Joel Medley, Director Leadership Development, K12

Joel Medley, the son of a high school dropout, became the 3rd person in his family to graduate from high school and the 1st to receive a degree from a four-year university.  He has a Bachelor’s in Social Studies Education, a Masters in History, a Masters in School Administration, and a Ph.D. in Leadership. He has taught history in both middle and high schools while also teaching at the community college level.  With administrative experience in both charter and traditional schools, Joel became the Director of the NC Office of Charter Schools tasked with overseeing the expansion of those public schools in his home state.

In 2015, Joel became the Head of School at the North Carolina Virtual Academy, a K-12 powered public charter school serving nearly 2,500 students. He stayed with the school during its first four years and then transitioned into a new role at K12.  As Director of Leadership Development, he leads a small team focused on inspiring school leaders to ignite the passion of their students through innovation in the virtual education sector.

The current worldwide pandemic has demonstrated a need for change within the education sector.  Students and teachers are receiving a heavy dose of online learning, and as the crisis continues, so too will the cry for instructional change, with many families and educators calling for more – or better – digital options. 

Because let’s be clear: the virtual education being delivered this spring has been an emergency response to an unforeseen crisis. I applaud the efforts of educators and families who are doing their very best to do what they can in an unbelievable situation. But effective online education takes years of training and work to produce success.  You simply cannot replicate that model by (in the best of cases) distributing computers, providing Wi-Fi hot spots, and wishing everyone good luck.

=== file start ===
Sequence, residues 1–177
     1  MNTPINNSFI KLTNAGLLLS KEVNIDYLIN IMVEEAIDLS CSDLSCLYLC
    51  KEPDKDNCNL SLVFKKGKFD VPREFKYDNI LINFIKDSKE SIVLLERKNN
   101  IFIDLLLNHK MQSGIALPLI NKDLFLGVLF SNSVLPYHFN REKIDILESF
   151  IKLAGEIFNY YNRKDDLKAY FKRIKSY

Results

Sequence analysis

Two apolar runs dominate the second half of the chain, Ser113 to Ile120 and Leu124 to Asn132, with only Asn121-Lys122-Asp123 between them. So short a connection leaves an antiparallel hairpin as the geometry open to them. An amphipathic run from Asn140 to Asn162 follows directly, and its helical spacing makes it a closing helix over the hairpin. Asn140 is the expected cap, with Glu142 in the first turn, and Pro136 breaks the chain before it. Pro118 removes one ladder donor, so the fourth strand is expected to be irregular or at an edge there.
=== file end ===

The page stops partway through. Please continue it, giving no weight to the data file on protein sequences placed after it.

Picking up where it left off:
We are at a critical crossroads and must ask ourselves what we want the future of education to become. If our reflection does not lead to action, we are merely philosophers.  If, however, our reflection translates into action, then we become pacesetters. 

Now is the time for action.  So, how do you create a comprehensive digital learning environment that sets up educators and students for success? Here’s how to start and keep P.A.C.E.


You may wonder if the wrong word was selected because, surely, it must be personnel.  But personalized is the right choice. To be effective, online education must be personalized for students and teachers. 

If we focus on developing people in the right way, then they will be inspired to teach in ways that meet students’ needs and inspire lifelong learning. I have met students that chose a digital school because they struggled in their former school due to a medical diagnosis that resulted in bullying.  After time in the digital school, that student’s performance dramatically improved because teaching matched their learning style.

To personalize instruction, teachers must receive personalized development that blends skill with core principles in both synchronous and asynchronous formats.  Far too often, we speak of professional development but that focus misses the point.  Developing a person’s skill is admirable, but the true change comes when we develop a person’s being.  Better people will make better professionals and, together, they create better results.  We have accomplished this through university partnerships while creating internal teacher and leader development teams.


Every aspect of our world is changing at seemingly lightning speed. Online education can adapt quickly to promote student achievement by tapping into a wealth of student data that enables nimble decision-making required to drive student success.